Friday, 11 January 2013

Archaeologists Find Clues to Viking Mystery

Until now, many experts had assumed that the cooling of the climate and the resulting crop failures and famines had ushered in the end of the Scandinavian colony. But now a Danish-Canadian team of scientists believes that it can refute this theory of decline. 
Here, archaeologists dig up skeletons in Greenland.

For years, researchers have puzzled over why Viking descendents abandoned Greenland in the late 15th century. But archaeologists now believe that economic and identity issues, rather than starvation and disease, drove them back to their ancestral homes.

On Sept. 14, 1408, Thorstein Olafsson and Sigrid Bj√∂rnsdottir were married. The ceremony took place in a church on Hvalsey Fjord in Greenland that was only five meters (about 16 feet) tall.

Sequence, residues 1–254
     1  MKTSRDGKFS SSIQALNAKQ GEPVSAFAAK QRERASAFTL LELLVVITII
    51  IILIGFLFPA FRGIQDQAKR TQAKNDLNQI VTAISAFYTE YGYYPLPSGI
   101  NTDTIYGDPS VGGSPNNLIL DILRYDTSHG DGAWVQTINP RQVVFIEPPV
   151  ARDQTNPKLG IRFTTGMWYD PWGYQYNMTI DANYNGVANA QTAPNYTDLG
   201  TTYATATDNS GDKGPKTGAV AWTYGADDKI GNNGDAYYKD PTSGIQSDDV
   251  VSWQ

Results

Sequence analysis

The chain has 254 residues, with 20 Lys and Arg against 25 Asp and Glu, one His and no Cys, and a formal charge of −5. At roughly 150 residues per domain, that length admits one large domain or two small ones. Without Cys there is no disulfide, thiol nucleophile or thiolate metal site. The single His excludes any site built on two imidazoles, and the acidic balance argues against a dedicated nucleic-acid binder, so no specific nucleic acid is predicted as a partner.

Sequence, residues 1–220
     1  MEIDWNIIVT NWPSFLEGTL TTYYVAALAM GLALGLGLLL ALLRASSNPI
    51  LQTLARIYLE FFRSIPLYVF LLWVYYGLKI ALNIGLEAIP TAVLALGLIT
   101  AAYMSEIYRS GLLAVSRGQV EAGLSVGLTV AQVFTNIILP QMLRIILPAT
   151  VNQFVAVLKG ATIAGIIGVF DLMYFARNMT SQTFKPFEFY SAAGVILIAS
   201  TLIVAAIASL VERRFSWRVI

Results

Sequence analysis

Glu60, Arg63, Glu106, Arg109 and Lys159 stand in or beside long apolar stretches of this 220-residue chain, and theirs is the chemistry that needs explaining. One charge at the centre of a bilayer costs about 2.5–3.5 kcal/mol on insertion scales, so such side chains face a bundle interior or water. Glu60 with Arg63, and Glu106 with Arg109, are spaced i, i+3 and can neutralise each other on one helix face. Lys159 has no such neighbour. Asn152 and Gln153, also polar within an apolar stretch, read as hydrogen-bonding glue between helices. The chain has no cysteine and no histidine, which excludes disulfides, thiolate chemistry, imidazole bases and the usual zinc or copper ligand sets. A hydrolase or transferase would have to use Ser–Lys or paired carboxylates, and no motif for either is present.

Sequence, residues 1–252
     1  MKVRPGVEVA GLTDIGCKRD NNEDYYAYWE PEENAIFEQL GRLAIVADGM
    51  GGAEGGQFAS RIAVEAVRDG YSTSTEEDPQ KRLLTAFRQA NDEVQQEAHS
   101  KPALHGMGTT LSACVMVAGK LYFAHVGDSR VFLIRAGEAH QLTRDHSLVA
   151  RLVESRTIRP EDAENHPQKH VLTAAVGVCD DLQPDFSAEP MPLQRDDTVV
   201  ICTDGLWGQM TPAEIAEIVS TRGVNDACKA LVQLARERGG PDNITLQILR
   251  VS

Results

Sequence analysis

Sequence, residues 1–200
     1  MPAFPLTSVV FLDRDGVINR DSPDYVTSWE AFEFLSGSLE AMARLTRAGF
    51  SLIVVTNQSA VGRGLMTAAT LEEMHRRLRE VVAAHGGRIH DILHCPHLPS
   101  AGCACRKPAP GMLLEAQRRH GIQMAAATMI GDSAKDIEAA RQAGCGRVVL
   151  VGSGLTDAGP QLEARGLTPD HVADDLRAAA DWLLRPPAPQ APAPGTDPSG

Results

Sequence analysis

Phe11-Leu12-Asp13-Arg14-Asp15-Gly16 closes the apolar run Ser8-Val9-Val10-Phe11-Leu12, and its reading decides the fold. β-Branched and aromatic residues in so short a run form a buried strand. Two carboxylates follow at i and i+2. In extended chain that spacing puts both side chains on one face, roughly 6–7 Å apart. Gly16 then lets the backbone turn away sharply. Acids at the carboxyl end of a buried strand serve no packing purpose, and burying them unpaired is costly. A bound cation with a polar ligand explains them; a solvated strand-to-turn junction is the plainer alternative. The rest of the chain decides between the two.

It must have been difficult for the bride and groom to recognize each other in the dim light of the church. The milky light of late summer could only enter the turf-roofed church through an arched window on the east side and a few openings resembling arrow slits. After the ceremony, the guests fortified themselves with seal meat.

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